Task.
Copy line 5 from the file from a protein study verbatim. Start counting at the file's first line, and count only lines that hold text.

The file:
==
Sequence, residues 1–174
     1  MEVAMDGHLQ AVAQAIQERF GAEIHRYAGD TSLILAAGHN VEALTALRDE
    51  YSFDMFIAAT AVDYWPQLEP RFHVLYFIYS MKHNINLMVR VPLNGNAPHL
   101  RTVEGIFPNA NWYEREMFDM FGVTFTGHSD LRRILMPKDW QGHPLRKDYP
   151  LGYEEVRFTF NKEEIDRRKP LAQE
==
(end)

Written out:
   151  LGYEEVRFTF NKEEIDRRKP LAQE